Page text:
COMPUTER GRAPHICS & GEOMETRY

Issue Year: 2000
Date: Winter
Volume: 2
Number: 4
Pages: 25-49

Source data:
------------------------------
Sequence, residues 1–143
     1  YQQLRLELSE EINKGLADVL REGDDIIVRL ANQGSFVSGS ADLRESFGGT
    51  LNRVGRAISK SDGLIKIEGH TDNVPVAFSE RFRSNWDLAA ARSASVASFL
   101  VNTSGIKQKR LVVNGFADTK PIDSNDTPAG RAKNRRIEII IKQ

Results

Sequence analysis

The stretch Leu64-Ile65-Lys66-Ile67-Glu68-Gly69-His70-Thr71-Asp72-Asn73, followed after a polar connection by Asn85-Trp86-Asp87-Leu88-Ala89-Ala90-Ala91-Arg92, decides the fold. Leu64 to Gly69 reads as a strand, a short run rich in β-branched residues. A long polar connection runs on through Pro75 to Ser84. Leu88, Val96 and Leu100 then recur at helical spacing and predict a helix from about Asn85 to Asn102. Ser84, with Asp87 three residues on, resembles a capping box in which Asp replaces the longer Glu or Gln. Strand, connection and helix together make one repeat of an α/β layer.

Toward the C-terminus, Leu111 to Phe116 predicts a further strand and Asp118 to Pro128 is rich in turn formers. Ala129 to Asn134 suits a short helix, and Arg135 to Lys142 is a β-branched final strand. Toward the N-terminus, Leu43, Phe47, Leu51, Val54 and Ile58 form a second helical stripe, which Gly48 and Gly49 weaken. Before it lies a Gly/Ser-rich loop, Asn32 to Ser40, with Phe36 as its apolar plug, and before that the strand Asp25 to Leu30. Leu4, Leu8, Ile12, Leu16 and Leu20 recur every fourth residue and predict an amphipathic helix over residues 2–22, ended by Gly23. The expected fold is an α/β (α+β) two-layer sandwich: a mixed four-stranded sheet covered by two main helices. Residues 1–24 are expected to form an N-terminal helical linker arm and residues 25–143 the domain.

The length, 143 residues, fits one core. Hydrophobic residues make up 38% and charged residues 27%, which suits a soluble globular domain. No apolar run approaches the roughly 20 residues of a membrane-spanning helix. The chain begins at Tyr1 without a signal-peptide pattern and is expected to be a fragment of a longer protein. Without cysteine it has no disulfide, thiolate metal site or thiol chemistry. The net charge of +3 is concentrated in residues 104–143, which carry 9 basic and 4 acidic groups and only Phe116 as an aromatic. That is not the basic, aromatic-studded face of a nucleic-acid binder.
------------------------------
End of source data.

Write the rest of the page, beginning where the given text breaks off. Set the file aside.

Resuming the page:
Article Name: ONE METHOD TO REDUCE COMPLEXITY OF MATRIX RADIOSITY ALGORITHM Authors: Victor A. Debelov, Igor M. Sevastyanov Address: Victor A. Debelov, Igor M. Sevastyanov Institute of Computational Mathematics and Mathematical Geophysics SB RAS, Russia Abstract: The given report is devoted to an original approach for reducing computational cost (memory and time) of the matrix radiosity algorithm. Such investigations are still quite actual because the algorithm requires significant amounts of memory and time. From other side it began to be applied in practice due to increasing power and memory of modern desktop computers. Recent efforts of computer graphics specialists were done in the following main directions. Adaptive scene subdivision (hierarchical radiosity methods) was elaborated in order to prevent the growth of the number of finite elements in acceptable limits. Grouping of scene objects cluster methods, when the light energy exchange is estimated between groups of scene elements (e.g., polygons) but between individual elements. All those approaches try to process the whole scene geometry in that or another way, and thus they do not simplify the original problem dramatically. Somewhat aside the method of imposters lies. It bases on geometric subdivision of an initial scene, but farther parts of a scene do not take part in calculations of light energy equilibrium, therefore it is lacking of photorealism. The given here method of geometric decomposition it is a quite new modification of the matrix radiosity algorithm. The scene is divided into parts (note, that it is done formally, i.e., without preliminary geometric analysis). Each part is processed independently on each other. Next step exchange of energy between parts. It is easy to see that an independence of parts allows: To solve more simple problems in each part. To process each part in parallel (coarse grain parallelism). To process each part by different modifications of radiosity algorithms. Possibility of recursive subdivision to gain a desirable rate of computational cost. Possibility to assemble a scene from precomputed parts. Note that in the given report we consider the just geometric decomposition of a scene in opposite to "decomposition" used in classical problems of computational mathematics. We show feasibility of the given approach for the case, when the scene is divided into parts by plane(s), really geometric bisection. The formulation and numerical experiments are presented too.

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